The county commission had a workshop last month on updating the Pahrump Regional Planning District sign ordinance laid out in NCC (Nye County Code) 17.04.
Soon after that it came before the board and they asked planning to do a workshop as they knew there would be many comments from business and the general public. After that it was brought back to the commissioners for a vote and was rejected unanimously.
But wait, it wasn’t quite dead yet, as on the 29th of October there was another workshop with the exact suggested code changes, which were rejected. (I know, kind of confusing isn’t it?) Let me try to give a little history.
In January of 2018 draft sign ordinance changes were brought before the Regional Planning District (RPC) and they did not pass it. It was 10 pages at that time. Leo Blundo was on that board and said that planning needed to, “Look through a rural lens,” as staff suggested using parts of Henderson’s sign ordinance.
It was then to be brought back to them in February but was pulled by the planning director as it “wasn’t ready yet.” It was pulled again in March of 2018 and then showed up finally on the July of 2019 agenda, after the director went to a conference by the International Sign Association (ISA). The draft given to the RPC at that time was now 29 pages and brings us up to date with the two workshops held over the past two months.
The need to update the code was stated as a way for us to comply with the Highway Beautification Act, which is a Nevada Administrative Code (NAC). This was not mentioned in 2018.
When I first took office, we cut code compliance officers, as we had budget shortfalls. About 2014 we put one back on and she was buried just with the current codes and sign ordinance.
Planning began to enforce the sign ordinance in December 2017 and I applauded their effort. Again, with one officer it was too much, so we added another code enforcement person before I left office.
So now, here we are spending hours of staff time and our tax dollars having “workshops” and getting nowhere nearer to complying with the NAC. Even the fact that these suggested revisions only deal with Pahrump seems to be lost on some. Amargosa, Beatty, and Tonopah are also on state highways and yet this “bill” does not address those towns. (I am not suggesting we do, just wondering why they were left out.)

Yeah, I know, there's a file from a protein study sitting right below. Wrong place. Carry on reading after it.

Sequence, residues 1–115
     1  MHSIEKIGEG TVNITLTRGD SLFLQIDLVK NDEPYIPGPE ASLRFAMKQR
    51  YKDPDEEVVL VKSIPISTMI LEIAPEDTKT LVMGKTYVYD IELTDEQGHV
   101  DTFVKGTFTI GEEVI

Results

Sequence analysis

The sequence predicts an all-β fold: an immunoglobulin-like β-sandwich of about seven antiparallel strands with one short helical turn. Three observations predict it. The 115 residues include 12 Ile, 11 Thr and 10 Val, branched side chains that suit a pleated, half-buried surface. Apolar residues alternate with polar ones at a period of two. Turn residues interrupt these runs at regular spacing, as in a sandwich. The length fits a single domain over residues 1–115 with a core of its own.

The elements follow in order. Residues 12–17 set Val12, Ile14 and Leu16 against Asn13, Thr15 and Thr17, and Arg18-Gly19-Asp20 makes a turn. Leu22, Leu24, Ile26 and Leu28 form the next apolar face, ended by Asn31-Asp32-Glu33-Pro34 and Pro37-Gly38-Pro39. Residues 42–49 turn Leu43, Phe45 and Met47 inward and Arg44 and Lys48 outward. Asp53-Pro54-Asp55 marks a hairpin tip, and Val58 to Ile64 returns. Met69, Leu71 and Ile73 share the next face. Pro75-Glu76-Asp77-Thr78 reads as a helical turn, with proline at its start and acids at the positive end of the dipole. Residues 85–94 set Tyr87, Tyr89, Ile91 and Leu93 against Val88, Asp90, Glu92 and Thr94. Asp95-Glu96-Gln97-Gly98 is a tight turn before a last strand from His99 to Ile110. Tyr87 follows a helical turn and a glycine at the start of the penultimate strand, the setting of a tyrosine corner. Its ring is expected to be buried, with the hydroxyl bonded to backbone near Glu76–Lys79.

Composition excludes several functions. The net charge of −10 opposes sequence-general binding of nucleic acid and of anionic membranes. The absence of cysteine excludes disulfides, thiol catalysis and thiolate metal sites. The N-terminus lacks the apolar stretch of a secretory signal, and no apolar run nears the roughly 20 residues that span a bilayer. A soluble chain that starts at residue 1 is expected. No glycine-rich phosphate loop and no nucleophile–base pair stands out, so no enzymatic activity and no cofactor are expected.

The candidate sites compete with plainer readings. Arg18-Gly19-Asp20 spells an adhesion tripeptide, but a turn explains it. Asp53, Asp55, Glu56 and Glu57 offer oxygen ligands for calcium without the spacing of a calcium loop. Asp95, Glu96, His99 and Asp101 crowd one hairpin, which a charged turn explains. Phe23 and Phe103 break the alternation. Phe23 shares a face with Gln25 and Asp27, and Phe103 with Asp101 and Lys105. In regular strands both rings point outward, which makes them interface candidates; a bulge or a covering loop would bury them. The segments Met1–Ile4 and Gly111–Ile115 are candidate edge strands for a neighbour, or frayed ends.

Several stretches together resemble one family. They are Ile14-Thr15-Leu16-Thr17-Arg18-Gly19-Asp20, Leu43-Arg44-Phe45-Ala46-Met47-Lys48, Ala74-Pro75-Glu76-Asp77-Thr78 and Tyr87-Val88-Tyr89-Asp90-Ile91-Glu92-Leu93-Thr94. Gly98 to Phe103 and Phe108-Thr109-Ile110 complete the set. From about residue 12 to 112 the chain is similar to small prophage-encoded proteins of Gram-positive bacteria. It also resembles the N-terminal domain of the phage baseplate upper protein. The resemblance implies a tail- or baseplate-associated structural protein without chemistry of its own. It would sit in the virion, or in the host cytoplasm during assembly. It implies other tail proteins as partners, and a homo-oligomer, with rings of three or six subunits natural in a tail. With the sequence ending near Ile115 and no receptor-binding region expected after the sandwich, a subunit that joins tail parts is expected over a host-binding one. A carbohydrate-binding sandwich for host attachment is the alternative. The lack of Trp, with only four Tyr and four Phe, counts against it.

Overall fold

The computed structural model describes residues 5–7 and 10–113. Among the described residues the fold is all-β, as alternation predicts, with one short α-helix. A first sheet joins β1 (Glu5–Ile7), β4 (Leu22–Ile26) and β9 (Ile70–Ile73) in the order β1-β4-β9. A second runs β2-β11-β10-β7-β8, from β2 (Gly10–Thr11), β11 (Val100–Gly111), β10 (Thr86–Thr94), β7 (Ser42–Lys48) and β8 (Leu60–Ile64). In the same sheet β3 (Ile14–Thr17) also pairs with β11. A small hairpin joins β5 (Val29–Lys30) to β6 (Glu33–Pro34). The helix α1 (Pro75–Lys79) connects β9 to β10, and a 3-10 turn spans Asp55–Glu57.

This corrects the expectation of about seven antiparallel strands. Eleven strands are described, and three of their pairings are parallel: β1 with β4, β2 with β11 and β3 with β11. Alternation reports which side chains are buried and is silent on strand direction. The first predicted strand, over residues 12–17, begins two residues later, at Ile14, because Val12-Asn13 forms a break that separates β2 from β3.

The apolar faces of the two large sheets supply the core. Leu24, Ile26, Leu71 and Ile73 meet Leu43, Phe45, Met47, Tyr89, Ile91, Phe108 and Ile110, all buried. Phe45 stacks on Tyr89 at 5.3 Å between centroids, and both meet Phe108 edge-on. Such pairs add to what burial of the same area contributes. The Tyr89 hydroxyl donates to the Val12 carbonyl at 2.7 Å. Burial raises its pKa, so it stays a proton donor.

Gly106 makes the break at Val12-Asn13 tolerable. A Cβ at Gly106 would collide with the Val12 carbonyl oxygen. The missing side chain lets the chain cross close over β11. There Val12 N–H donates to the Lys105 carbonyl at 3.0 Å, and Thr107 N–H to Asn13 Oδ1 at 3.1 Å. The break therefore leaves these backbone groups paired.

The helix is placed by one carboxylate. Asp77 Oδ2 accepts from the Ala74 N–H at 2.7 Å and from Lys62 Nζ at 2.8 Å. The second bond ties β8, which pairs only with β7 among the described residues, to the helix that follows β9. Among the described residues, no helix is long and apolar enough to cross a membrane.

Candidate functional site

Maybe the only reason we are wasting staff time and taxpayer dollars is so that the bureaucrats can feel like they are doing their jobs. Don’t get me wrong, I had great respect for our staff and think I worked well with them, but why are we wasting time and money on something that we do not even have the means to enforce?
Here is the real rub to all of this. The county now has two code enforcement officers and they are buried trying to enforce our current codes. The code cannot be left so vague so that each new director can “interpret” it whichever way they want, including things such as Christmas lights and signs on vehicles.
If planning can identify a gap in our code which makes it hard to enforce, then just bring that forward and stop trying to make us comply with International Sign Association recommendations that do not fit our small community.
I always said, don’t just gripe but bring a solution with your complaint, so here it is: reference NAC’s and NRS’s that have to do with highway beautification and tell NDOT to enforce their highway codes, while we concentrate on all the codes we currently can’t seem to enforce.
The last thing is, once we sign on as commissioners, we need to back up code enforcement when they bring us a violation. This would include the DA’s office working with the commission and code enforcement to ensure that what we do adopt is legal and enforceable.
Just my two cents from the cheap seats.
Dan Schinhofen is a former Nye County commissioner.
In case you missed it
Nye County is currently considering overhauling its signage ordinance for the Pahrump Regional Planning District and many of the initially proposed changes sparked frustration from the local business community. SEE the story in the Nov. 1 Pahrump Valley Times or on pvtimes.com